Friday, January 16, 2009

Bank of America... Literally

Some clumsy and random thoughts on Bank of America...

  • Its been floated around that the government cut some sort of deal with BofA to buy Merrill Lynch. That makes zero sense. Why would the Treasury pledge money to bail out Merrill on the same day they were refusing to help Lehman?
  • What makes more sense is that the government offered BofA some help sometime in October or November to assure that the Merrill transaction was completed. In other words, once they saw how badly they had f'ed up by not bailing out Lehman. It might explain why Bank of America suddenly decided to fully guarantee Countrywide debt out of no where. That could have been part of the bargain.
  • Some of the speculation about a cloak-and-dagger government deal centers around the seemingly exorbitant price Ken Lewis decided to pay for Merrill. But didn't he do the same thing with Countrywide? Bought a company that, while potentially valuable, could have obviously been had for less?
  • I can't see how Ken Lewis keeps his job now. Bank of America would be in great shape had they simply not been so aggressive in acquiring CFC and MER. Compare his actions versus Jamie Dimon (Bear Stearns and WaMu) and John Stumpf (Wachovia). Both got valuable new pieces at rock-bottom prices, whereas Lewis seems to keep bidding against himself.


PNL4LYFE said...

Off topic, but I suppose it applies to every bank who owns them: I was reading a research report that said that for some RMBS securities, bankrputcy costs are allocated pro rata across the tranches (i.e. no subordination protection for the senior tranches). The article suggested that this may apply to principle reductions in the event of cramdowns by bankruptcy judges. Has anyone heard about this? It seems counterintuitive to me, but I'm not a lawyer.

Aaron said...


Do you have a link?

Keith said...

PNL: I've looked at a lot of Sub Prime and Alt-A CMOs and have never seen anything like that. Subordination of losses is pretty fundamental to the whole concept and the deals seem to define loss as simply the extent to which collateral principal is lower than your deal balance after you have scrounged up any dollar whether principal, interest, fee income that hasn't been applied to a higher purpose (typically bond interest and servicer fees).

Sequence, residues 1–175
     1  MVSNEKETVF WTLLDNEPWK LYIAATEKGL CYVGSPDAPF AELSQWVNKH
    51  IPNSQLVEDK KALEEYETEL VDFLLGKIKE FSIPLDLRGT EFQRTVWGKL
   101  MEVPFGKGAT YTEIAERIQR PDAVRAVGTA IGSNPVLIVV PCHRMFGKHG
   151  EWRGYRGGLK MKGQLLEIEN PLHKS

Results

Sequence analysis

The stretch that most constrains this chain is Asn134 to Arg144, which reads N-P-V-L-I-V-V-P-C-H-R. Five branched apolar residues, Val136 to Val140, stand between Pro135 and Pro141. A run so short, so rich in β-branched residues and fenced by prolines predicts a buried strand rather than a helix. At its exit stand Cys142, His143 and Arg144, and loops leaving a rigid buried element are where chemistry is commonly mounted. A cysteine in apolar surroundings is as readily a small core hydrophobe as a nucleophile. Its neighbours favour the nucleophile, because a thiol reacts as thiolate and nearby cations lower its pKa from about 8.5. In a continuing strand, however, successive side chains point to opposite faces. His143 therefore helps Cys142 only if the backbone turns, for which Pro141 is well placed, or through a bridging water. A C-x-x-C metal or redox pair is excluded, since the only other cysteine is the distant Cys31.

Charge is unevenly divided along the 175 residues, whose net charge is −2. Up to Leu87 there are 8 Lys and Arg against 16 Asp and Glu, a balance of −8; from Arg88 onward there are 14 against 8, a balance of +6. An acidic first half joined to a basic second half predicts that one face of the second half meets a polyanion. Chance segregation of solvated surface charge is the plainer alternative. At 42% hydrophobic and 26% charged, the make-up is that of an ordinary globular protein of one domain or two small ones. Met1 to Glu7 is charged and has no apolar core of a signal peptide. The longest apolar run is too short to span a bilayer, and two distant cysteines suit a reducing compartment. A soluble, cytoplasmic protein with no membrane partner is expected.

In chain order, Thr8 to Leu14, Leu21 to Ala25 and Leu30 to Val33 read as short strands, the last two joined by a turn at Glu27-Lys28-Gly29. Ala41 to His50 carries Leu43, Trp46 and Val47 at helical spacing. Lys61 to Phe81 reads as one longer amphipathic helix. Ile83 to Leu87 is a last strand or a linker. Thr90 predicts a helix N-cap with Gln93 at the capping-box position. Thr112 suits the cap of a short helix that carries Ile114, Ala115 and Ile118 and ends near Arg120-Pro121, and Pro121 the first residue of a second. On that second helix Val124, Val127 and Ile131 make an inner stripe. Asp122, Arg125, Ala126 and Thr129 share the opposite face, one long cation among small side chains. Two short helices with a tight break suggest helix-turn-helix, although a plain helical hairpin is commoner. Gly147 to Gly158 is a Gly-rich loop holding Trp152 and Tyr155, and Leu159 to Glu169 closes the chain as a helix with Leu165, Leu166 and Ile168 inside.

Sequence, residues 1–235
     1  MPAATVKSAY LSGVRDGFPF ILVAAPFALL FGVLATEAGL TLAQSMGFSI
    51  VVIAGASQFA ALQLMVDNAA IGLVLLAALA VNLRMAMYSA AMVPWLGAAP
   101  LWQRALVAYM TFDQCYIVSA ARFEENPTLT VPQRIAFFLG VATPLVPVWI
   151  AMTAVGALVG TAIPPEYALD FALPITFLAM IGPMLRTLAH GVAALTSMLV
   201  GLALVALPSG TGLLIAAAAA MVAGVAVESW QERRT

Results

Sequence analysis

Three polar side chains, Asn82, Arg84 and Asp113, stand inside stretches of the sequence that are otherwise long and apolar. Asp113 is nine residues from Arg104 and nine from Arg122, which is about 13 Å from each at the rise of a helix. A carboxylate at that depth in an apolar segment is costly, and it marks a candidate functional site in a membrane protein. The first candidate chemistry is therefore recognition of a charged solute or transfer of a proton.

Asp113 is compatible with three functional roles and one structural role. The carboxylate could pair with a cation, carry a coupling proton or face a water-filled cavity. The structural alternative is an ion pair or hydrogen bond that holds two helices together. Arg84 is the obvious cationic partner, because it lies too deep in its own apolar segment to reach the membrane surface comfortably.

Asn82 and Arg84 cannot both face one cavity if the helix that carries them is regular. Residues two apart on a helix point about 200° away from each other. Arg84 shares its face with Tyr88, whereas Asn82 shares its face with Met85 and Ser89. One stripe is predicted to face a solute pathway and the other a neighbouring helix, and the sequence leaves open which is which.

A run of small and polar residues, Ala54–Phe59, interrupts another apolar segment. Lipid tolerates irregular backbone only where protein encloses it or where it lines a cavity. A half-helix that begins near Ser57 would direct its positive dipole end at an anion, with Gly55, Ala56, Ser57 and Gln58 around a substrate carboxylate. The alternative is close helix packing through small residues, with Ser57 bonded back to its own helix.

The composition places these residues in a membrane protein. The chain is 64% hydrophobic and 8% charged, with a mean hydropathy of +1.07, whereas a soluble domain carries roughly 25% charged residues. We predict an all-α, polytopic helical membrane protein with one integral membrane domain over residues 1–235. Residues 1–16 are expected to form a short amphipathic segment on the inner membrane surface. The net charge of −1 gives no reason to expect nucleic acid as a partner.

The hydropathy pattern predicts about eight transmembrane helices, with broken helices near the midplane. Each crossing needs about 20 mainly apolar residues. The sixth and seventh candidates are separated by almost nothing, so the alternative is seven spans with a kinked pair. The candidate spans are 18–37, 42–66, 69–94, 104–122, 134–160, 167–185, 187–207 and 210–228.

The only problem I know that can effect senior and subordinate at the same time is an interest shortfall. Even in that case a deal-wide maximum coupon is calculated which the higher coupon bonds are more likely to bust through than the low coupon A bonds.

But my experience certainly doesn't cover the whole universe of products, maybe another deal structure has bigger problems with that.

PNL4LYFE said...

Here is the text. It's from a "not a product of research" note.

"To the extent that bankruptcy cramdowns would be a substitute to foreclosure and could also be more punitive (from investors standpoint) than servicer-controlled loan modifications they would have a negative impact on security valuations. This point is well understood. A relatively less known but highly undesirable effect of the bankruptcy cramdown legislation would be to directly expose senior tranches in the non-agency market to bankruptcy related losses. Legal documentation for several non-agency deals stipulates that bankruptcy related losses in excess of a certain de minimis amount (typically a few basis points) need to be allocated on a pro-rata basis across the capital structure. In other words, subordinate tranches do not provide credit enhancement against bankruptcy related losses after a specific carve-out. The implication is that losses that would normally be allocated to subordinates would get allocated to seniors and due to having a negligible amount of credit enhancement against this new significantly enhanced bankruptcy risk, rating downgrade on several senior tranches, including those which have been holding up well, would become imminent.

Another interesting observation is that this bankruptcy related loss allocation nuance is typically found in deals with a shifting interest structure. This makes the jumbo and good quality alt-A sectors, which have a very high percentage of deals based on a shifting interest structure, more vulnerable to this legislation. The upshot is that the cramdown legislation could deal a serious blow to the prime non-agency market, shake investor confidence, and lead to more bailouts."

Accrued Interest said...


That would be absolutely shocking.

Who published the piece you are reading?

Lockstep said...

I completely agree, AI. I give Ken Lewis at most another six months in his job.

You forgot to mention the $7B investment in the Chinese bank AFTER they received the first $25B of TARP money.